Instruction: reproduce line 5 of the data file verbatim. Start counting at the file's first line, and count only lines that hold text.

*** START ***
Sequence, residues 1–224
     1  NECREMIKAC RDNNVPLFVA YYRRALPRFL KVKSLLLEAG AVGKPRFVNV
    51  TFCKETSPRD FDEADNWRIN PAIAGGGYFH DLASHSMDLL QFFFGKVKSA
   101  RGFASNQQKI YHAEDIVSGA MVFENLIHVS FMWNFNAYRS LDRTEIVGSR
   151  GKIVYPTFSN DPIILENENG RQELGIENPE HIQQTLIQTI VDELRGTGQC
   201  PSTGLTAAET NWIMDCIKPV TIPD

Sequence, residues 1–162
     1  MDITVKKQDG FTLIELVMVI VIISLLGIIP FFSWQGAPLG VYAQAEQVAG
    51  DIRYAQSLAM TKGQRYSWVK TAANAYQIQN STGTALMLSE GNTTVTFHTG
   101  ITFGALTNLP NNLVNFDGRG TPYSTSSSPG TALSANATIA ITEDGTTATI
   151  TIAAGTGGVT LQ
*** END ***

   151  GKIVYPTFSN DPIILENENG RQELGIENPE HIQQTLIQTI VDELRGTGQC